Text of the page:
Pro #4: I can be very, very flexible. This is great when your spouse has a job that is not very flexible, that requires a lot of business travel, and involves the occasional unaccompanied tour. When my husband had to travel for a couple of weeks, even when the kids were little, it was no big deal. I just ordered a bit more takeout food. When he was gone for an entire year, I did not need to scramble for extra babysitting, chauffeurs for my kids, or anything, really. I was very (very!) busy, but I could get it all done. It wasn’t a crisis.
Con #4: My family takes me for granted. Let’s face it, they do. I am the default person for every doctor’s appointment, trip to the vet, wait for the plumber, and so on. Now, I can do this, no problem. But sometimes, especially when the kids were little, I wondered what a shock it might be for my husband to actually have to take off work when a kid was sick, or to drag one of them to the doctor with an ear infection.
Pro #5: I could be there for my kids. I was never a true PTA mom, but I could be there when needed to chaperone school trips, work a bake sale, or drive them to soccer practice. This was nice. It gave them opportunities that I did not have when I was their age.
Con #5: I was always there for my kids. My parents both worked full-time and there is no doubt that my brother and I learned a few life skills earlier than my own kids did. This is not a deal-breaker: it is never too late to learn how to make a quick dinner or unstop a toilet. But without those “Oh geez, there is no one here but me to fix this” situations, the learning curve is definitely longer.
Pro #6: I never have to leave the house. This is more true now that my kids are older. For many years I was out playing chauffeur every day. Now my daughter is an adult, and my son takes the U-Bahn. It’s handy to be able to easily get the laundry done, bake some bread, put some dinner on the stove. We are able to live our lives at a fairly relaxed pace because I am around to do these things. Even without the need for constant child care, our quality of life is definitely higher because of my unorthodox work arrangement. And I personally do not miss commuting.
Con #6: But what if I want to leave the house? One thing is for certain: I would never be able to do my job full-time because then I really would be stuck at home. So, that is a limitation to freelancing or telecommuting, in my opinion.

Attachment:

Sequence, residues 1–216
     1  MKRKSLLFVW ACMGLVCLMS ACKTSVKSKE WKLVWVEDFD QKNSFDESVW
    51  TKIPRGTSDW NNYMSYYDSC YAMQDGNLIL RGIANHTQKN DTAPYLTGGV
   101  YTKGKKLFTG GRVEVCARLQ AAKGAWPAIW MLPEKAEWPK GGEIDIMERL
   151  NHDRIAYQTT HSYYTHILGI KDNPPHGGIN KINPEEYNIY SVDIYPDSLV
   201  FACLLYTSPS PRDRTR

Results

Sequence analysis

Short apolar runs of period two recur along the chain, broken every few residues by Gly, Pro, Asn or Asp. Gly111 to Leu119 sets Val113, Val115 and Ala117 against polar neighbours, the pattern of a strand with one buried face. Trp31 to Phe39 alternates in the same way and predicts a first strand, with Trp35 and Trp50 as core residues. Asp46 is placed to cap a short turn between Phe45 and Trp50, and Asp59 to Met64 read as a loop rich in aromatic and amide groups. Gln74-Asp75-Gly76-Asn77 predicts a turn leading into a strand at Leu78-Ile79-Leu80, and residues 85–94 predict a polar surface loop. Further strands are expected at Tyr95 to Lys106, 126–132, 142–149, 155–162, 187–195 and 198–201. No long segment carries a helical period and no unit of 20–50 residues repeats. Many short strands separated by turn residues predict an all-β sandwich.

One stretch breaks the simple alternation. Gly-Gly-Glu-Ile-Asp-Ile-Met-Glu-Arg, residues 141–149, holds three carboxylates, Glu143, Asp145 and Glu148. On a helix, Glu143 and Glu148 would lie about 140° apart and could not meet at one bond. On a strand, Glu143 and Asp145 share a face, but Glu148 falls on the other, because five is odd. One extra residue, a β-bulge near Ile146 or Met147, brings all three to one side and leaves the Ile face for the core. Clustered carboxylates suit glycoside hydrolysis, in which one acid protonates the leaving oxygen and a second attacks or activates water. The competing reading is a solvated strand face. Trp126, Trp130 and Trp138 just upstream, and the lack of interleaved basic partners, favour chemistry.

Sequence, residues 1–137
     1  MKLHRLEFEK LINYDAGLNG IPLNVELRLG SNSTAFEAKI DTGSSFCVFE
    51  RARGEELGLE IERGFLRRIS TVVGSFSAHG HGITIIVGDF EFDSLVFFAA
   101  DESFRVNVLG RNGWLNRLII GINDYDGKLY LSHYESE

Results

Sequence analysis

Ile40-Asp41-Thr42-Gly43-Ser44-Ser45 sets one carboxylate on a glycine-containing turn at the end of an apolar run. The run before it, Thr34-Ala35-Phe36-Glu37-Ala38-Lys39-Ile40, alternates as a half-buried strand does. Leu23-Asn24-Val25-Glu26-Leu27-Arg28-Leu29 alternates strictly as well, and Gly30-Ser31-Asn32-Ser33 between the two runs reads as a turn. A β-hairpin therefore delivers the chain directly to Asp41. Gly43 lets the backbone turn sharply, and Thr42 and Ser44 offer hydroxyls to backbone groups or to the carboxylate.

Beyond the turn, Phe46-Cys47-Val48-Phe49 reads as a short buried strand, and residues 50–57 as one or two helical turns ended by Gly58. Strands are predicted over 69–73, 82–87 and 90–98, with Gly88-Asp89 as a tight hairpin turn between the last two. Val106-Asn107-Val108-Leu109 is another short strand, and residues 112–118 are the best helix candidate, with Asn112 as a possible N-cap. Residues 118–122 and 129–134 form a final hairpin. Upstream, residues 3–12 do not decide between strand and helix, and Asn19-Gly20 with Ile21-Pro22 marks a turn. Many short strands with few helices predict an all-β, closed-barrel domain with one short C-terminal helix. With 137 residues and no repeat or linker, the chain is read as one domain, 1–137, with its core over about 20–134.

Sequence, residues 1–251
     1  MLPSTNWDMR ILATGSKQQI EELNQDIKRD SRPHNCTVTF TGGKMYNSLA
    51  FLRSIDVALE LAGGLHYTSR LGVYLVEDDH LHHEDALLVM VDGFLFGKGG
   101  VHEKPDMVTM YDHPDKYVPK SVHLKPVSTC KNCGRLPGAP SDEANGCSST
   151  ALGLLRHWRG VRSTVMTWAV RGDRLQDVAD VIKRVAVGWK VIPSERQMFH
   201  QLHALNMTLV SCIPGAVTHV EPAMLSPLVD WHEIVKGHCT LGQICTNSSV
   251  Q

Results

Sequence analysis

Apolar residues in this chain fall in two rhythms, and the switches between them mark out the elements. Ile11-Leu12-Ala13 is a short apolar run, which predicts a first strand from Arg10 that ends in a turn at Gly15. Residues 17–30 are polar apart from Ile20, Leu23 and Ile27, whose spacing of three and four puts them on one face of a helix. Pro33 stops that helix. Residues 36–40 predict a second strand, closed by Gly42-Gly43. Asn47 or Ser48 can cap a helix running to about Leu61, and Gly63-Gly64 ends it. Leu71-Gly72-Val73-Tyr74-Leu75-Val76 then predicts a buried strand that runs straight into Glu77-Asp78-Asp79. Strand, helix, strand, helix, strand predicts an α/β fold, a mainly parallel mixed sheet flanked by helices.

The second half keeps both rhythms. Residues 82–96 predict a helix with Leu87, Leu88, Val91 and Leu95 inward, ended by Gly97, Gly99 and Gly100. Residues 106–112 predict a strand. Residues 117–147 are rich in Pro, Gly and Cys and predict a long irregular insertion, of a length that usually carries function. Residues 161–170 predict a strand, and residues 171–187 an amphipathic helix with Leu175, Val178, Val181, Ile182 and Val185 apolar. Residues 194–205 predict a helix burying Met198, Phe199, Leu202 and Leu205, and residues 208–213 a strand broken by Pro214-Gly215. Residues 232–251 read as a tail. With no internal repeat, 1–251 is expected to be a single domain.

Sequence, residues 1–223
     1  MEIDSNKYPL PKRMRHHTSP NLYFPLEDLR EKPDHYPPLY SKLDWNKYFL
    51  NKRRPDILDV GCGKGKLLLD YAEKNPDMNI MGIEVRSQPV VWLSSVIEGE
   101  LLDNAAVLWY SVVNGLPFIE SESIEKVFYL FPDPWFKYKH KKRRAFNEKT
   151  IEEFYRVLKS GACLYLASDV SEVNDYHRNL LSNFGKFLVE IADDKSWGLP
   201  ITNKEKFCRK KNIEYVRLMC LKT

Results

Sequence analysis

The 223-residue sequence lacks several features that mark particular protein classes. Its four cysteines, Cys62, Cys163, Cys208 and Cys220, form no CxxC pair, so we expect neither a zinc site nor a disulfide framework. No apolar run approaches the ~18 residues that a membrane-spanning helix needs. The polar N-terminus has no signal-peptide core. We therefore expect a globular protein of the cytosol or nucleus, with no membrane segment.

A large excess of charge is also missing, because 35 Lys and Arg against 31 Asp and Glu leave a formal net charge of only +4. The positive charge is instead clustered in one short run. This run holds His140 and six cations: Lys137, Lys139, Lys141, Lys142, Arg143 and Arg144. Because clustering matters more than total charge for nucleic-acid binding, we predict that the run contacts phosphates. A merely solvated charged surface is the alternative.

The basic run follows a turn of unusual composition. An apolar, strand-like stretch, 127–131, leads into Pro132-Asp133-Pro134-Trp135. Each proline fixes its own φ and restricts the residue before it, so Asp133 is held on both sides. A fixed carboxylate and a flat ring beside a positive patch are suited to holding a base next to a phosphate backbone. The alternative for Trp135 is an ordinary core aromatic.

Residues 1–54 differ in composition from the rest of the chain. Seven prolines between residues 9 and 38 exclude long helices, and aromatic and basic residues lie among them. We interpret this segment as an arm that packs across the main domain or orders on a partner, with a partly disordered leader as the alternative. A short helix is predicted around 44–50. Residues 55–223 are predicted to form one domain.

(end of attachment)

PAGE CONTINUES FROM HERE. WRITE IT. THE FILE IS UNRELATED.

But, working part-time, I can find lots of activities to get a little social or out-of-the-house time in nearly every day. In previous years, these activities were largely child-centered. Now they are for ME. I took German lessons three times a week for the first two years of our tour here. I coordinate a weekly craft group at post, and have often taken art classes when they are available. I participate in activities with the local women’s group: tours of local museums and businesses and history walks. I take yoga classes, work out at the gym, and walk for exercise nearly every day. And yes, I go to some of those often-mocked embassy spouse coffees. (What, you don’t go out for coffee at your job?)
So, while there have been some liabilities to working at home, and the routine of my day has changed a lot over the years, on balance I am still happy with the arrangement.
But I don’t actually wear bunny slippers. That would be silly. Fuzzy house socks are more my thing.
I think you summed it up very nicely.
One issue that is huge for me is the social aspect. It can get really lonely working at home, and it can get difficult to get motivated to leave the house and see other people when there is no “real” reason to do so.
Solution: make up a reason! 🙂
Thank you for this. My husband is in the process of trying to become a diplomat and while I am very excited about the prospects, I am also trying to figure out how I would fit into the equation as someone who has always enjoyed working. I have been able to find quite a few post and blogs by people who are not happy with their situation, but not many have shown their solutions!
You are most welcome. The people I know who are self-employed may not make that much money but they seem to be on balance happier than the ones who try to pursue a “traditional” career while overseas.